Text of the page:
stature that nobody could tell which were the corpses made to order and which the old one. I should have guessed that the skull which I saw belonged to the former description, as not having been very much worn by its owner ; but this I am forbidden to do by the fact that, according to the legend, this particular Llandeilo was not one of the three contending churches which bore away in triumph a dead Teilo each. Another view, however, is possible : namely, that the story has been edited in such a way as to reduce a larger number of Teilos into three, in order to gratify the Welsh fondness for triads.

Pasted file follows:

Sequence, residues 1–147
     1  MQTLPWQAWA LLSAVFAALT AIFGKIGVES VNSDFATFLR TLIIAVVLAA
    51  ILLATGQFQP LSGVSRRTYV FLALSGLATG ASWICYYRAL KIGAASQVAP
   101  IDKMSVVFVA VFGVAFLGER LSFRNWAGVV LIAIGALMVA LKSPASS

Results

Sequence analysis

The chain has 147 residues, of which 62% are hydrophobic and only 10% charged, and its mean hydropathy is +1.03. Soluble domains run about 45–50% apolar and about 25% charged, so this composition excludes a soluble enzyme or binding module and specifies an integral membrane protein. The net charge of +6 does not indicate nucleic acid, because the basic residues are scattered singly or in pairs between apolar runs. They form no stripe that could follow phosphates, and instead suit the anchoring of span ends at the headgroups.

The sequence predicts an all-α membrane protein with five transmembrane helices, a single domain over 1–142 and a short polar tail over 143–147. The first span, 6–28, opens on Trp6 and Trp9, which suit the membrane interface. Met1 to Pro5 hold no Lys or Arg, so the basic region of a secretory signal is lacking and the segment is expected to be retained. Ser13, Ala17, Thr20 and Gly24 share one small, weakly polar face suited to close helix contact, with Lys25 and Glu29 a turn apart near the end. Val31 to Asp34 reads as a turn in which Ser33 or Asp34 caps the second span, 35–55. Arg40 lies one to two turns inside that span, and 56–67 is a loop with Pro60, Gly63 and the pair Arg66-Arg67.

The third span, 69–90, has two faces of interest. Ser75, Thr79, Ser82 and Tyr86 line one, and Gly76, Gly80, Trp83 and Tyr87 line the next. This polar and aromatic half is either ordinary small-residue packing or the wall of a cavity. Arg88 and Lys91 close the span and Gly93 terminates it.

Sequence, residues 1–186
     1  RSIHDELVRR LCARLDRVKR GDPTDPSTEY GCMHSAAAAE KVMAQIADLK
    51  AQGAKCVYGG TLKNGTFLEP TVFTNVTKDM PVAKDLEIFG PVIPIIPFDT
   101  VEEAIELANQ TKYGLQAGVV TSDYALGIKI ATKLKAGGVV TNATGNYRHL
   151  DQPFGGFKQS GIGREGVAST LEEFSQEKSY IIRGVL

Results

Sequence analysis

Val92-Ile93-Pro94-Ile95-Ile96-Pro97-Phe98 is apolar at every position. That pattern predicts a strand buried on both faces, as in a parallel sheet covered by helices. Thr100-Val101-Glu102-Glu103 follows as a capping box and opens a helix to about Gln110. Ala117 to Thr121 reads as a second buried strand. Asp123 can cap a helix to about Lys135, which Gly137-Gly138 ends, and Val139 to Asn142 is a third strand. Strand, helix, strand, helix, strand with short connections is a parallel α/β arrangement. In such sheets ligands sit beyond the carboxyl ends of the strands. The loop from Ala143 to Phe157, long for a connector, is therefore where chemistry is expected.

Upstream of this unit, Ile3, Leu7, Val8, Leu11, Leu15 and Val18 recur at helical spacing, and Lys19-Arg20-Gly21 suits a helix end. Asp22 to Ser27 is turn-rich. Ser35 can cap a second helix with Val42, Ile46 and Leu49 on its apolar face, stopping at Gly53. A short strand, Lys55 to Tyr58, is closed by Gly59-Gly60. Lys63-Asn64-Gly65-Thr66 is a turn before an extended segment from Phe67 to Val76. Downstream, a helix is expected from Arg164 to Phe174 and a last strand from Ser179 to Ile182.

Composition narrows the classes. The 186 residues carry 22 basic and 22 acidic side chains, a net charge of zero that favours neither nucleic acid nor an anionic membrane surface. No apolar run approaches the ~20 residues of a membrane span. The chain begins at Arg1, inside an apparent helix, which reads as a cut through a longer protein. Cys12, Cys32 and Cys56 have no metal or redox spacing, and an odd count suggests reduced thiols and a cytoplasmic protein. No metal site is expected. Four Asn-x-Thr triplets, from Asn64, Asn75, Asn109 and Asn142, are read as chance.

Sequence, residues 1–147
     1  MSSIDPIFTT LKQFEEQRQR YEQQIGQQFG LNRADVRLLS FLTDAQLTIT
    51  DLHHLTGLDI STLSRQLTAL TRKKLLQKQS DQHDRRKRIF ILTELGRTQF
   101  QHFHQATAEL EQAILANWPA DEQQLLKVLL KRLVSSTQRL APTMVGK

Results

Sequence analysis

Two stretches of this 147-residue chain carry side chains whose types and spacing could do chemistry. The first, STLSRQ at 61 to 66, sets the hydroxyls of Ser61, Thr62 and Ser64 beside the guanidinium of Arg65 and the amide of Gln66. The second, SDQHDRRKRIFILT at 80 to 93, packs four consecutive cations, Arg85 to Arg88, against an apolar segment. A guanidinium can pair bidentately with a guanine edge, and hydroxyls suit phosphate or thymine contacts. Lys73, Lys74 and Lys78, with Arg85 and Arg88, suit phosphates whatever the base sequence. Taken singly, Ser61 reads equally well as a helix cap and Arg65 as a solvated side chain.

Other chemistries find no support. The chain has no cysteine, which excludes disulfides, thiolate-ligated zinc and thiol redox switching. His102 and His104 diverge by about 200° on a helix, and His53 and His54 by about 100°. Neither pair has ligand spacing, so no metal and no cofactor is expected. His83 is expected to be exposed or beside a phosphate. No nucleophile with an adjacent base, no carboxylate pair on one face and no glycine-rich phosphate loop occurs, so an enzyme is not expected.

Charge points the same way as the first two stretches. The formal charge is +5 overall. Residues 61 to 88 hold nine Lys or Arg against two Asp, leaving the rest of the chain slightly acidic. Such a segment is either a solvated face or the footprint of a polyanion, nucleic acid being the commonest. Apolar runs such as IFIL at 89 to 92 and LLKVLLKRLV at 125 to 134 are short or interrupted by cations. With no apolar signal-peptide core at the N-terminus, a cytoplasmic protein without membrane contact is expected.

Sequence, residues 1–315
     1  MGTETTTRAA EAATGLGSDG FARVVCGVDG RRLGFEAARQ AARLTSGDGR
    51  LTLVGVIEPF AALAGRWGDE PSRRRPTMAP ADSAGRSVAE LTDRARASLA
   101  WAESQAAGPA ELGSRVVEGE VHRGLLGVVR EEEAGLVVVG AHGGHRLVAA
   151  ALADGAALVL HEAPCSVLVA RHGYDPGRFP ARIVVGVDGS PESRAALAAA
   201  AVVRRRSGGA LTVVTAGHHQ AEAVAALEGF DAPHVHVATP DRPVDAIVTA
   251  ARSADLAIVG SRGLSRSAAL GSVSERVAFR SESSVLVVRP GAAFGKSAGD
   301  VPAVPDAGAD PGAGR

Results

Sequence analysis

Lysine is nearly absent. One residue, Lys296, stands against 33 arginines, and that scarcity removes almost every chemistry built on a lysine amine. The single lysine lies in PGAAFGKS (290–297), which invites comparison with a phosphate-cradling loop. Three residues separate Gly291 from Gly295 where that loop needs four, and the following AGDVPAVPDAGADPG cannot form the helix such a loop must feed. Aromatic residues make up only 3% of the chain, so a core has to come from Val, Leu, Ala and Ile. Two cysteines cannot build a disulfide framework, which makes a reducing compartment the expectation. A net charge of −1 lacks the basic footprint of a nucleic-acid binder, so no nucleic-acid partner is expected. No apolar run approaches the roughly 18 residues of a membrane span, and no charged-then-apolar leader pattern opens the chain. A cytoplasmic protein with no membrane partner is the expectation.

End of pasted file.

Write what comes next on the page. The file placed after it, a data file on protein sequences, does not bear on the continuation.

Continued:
Since my visit to the neighbourhood I have been favoured with an account of the well as it is now current there. My informant is Mr. Benjamin Gibby of Llangolman Mill, who writes (in Welsh) mentioning, among other things, that the people around call the well Ffynnon yr Ychen, or the Oxen's Well, and that the family owning and occupying the farm-house of Llandeilo have been there for centuries. Their name, which is Melchior (pronounced Melshor), is by no means a common one in the Principality, so far as I know ; but, whatever may be its history in Wales, the bearers of it are excellent Kymry. Mr. Gibby informs me that the current story solves the difficulty as to the saint's skull as follows : — The saint had a favourite maid-servant from the Pembrokeshire Llandeilo : she was a beautiful woman, and had the privilege of attending on the saint when he was on his death-bed. As his death was approaching, he gave his maid a strict and solemn command that at the end of a year's time from the day of his burial at Llandeilo Fawr she was to take his skull to the other Llandeilo, and to leave it there to be a blessing to coming generations of men, who, when ailing, would have their health restored by drinking water out of it. So the belief has been that to drink out of the skull some of the water of Teilo's well ensures health, especially against the whooping-cough. The faith of some of those who used to visit the well was